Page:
Why Gradle?

Back in my youth, programs used to come as listings in magazines that you copied into the ZX81’s BASIC editor and then ran. How times have changed. Building software has become more complex as the underlying runtimes and platforms have evolved. As a result of that, we have seen an evolution in build tools. I started my working life using Make (for both C++ and Java), before progressing onto Apache Ant and Apache Maven 2. For a brief interlude I even worked with CMake, which I found to be one of the more challenging tools to learn and understand.

Gradle is a recent entrant to the field, and my current build tool of choice. What lifts it above the more established tools, Ant and Maven? This is a question that anyone involved in building Java software in particular should be asking themselves.

Let’s go back to basics and ask ourselves what we want from a software build. As an example, consider the process of compiling a Java application. You could use the javac command directly, but then you would have to ensure that all the appropriate source files were specified on the command. And don’t forget all the JARs you’d have to include in the classpath. Imagine specifying that command line each time you wanted to recompile the source files. It’s ridiculously time consuming and error prone, hence why any sane developer or team uses a build tool to automate the process. And this is the key foundation of building software: automating the steps required to go from the inputs (typically source files) to the outputs (packaged applications, deployed web applications, etc.).

Automation provides a couple of major benefits:

  • Reliability – you’re eliminating many potential sources of human error
  • Time saving – fewer manual steps means less time wasted

Another consideration is reproducibility. In other words, given a fixed set of inputs, we want the outputs to always be the same. If a build is not reproducible, you won’t be able to guarantee that you’re building the same binaries that you gave to a client a year or two back. Build tools can certainly help with this by removing the human error component, but they are not sufficient on their own as you can easily make a build that is dependent on its environment.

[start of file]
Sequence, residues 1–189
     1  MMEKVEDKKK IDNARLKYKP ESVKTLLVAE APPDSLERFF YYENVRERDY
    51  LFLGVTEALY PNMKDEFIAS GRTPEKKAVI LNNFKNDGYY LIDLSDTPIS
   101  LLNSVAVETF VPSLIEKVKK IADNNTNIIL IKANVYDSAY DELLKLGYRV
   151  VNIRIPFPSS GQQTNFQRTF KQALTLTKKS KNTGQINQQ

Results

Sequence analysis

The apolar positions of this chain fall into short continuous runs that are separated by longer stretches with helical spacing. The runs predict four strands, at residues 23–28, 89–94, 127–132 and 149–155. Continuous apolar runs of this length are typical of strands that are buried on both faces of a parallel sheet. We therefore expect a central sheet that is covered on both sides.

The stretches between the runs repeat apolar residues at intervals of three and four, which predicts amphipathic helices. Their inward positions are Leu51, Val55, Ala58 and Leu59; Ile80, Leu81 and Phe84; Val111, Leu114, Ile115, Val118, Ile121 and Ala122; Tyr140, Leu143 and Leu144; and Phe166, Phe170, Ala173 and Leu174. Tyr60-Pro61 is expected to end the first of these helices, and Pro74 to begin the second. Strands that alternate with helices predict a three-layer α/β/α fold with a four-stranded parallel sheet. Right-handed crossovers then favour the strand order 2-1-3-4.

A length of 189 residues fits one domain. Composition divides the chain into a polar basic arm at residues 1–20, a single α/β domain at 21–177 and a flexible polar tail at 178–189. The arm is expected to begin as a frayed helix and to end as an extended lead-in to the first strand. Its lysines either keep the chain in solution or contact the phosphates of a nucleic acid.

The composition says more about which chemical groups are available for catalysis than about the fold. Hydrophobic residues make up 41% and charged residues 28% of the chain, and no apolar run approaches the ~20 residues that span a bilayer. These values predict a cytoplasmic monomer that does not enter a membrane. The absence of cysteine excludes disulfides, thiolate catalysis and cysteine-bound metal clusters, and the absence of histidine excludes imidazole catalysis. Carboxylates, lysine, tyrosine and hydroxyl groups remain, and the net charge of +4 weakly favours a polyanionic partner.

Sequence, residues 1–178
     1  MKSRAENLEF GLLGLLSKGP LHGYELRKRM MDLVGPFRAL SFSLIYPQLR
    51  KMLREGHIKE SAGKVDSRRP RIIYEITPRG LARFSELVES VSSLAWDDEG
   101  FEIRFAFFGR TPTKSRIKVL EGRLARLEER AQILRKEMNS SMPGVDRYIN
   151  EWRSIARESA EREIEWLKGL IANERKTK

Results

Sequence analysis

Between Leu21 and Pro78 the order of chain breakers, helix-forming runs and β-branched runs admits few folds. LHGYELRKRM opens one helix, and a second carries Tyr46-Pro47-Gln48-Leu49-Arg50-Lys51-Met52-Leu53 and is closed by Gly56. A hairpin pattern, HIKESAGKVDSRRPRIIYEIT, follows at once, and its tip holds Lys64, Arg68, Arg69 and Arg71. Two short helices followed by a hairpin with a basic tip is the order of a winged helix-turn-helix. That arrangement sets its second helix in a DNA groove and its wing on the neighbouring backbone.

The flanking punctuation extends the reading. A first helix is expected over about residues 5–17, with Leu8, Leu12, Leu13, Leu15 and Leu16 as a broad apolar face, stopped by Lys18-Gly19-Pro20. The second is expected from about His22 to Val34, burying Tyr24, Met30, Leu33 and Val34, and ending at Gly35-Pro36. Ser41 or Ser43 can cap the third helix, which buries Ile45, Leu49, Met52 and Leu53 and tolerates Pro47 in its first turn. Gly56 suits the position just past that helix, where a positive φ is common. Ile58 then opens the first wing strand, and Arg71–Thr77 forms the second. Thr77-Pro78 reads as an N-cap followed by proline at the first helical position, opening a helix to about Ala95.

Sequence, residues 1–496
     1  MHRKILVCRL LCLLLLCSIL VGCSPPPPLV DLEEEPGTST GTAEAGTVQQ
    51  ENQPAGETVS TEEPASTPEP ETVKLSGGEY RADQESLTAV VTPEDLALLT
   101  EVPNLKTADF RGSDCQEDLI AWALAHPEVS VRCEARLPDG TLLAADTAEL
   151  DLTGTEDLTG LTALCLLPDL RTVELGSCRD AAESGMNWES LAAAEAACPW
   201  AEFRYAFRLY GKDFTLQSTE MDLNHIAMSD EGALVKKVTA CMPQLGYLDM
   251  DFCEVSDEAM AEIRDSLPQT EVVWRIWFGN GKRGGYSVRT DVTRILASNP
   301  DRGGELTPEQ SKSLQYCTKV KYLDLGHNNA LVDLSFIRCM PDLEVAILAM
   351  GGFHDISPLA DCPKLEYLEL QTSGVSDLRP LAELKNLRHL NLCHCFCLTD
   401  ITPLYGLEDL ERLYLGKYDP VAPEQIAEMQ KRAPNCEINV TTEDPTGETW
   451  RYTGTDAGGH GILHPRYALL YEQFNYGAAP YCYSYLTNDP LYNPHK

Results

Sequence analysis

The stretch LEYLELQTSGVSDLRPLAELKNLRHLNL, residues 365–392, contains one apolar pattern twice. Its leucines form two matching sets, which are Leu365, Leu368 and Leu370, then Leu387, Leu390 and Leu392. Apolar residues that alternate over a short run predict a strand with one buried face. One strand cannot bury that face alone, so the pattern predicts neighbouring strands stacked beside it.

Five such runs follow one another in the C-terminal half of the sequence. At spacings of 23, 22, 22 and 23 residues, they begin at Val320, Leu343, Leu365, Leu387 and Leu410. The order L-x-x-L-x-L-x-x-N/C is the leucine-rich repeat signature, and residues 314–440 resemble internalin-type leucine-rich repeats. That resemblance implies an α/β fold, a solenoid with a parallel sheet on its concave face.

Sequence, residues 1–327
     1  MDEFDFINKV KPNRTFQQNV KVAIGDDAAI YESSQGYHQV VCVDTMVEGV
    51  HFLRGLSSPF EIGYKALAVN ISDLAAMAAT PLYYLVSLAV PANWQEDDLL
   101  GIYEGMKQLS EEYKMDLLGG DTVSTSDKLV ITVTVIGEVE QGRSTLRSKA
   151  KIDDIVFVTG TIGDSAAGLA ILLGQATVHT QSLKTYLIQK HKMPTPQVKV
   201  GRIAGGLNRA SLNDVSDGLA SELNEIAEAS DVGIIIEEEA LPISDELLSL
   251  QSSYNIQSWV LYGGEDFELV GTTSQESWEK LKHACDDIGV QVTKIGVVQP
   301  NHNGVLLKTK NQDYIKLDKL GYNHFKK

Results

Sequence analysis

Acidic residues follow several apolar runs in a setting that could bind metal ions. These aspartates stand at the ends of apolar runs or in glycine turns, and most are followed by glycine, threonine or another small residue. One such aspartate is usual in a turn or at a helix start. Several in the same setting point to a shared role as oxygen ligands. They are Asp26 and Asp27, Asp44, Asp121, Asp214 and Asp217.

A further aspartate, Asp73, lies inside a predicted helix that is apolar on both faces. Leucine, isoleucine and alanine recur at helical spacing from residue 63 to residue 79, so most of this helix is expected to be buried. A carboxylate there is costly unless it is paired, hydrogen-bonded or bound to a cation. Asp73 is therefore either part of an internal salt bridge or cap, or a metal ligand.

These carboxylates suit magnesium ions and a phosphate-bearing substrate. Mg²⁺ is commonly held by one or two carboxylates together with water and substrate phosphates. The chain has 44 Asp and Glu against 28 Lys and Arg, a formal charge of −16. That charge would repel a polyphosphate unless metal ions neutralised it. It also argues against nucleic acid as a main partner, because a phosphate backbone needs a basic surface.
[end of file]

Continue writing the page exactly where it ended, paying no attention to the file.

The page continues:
In essence, we want a build tool that allows us to automate as much of the development and deployment process as possible. Most of us already include compilation, running unit tests, and packaging, but what about:

  • Creating a complete developer environment for a project from scratch
  • Generating a project’s documentation (possibly in multiple languages)
  • Running the application in a special developer mode
  • Running functional/integration tests that require special setup
  • Automatically updating source control management (SCM) information, such as tags
  • Stopping, deploying, and restarting server apps in different environments

A lot of these aspects are very project-specific and require customisation of the build. It’s also becoming quite common to mix multiple languages and platforms into a single project, such as JavaScript for a rich browser front end and Java for the back end. How should you handle these project-specific build requirements? You might use different tools or run special scripts manually, but that kind of appraoch takes you away from the ideal of a fully automated process, weakening the benefits I talked about earlier.

Full automation is an important goal for building software, but it’s not the sole one. How much effort does it takes to set up a software build in the first place and how easy it is for an outside or new hire to understand it? You don’t want developers and build masters wasting time trying to understand how to use a highly customised build system if you don’t have to. That’s where the concept of conventions comes in: standardise those things that are common to the majority of software projects of a particular type. Think directory structure, compilation, packaging, etc. Maven hit the nail on the head when it introduced conventions to Java build.

In real life, most projects will be a mix of standard build bits and custom steps. They’ll often be mostly standard with just a few customisations. So ideally you want a tool that gives you a bunch of conventions that you can follow, but with the flexibility to both customise the standard steps and introduce your own ones. This is where I feel Gradle shines. Consider this basic build for a Java project:

apply plugin: "java"

version = "1.0.0"
group = "org.example"

sourceCompatibility = "1.8"
targetCompatibility = "1.8"

repositories {

dependencies {
    compile "commons-io:commons-io:2.4"

It’s not very long, but this build file gives you everything you need to compile, test, and package a Java project that follows the conventions established by Maven. Anybody that knows those conventions will be able to easily navigate their way around the project and understand from the build file exactly what is specific to this project (such as the dependencies).

Now consider a scenario in which you have a build step (or task in Gradle parlance) that generates some source files that should be included in the compilation. There are two things you need to do:

  • Make sure the source code generation happens before the compilation
  • Configure the compiler to include the files in the generated source directory

This may seem intimidating at first, but Gradle gives you access to a full-featured API that makes such customisations trivial. This is all you need to add to the original build file:

sourceSets {
    main {
        java {
            // Include the generated source files in the compilation
            srcDir "$buildDir/genSrc"

task generateSource << {
    // Generate the required source files into "$buildDir/genSrc"

// Make sure that the source files are generated before compilation occurs
compileJava.dependsOn generateSource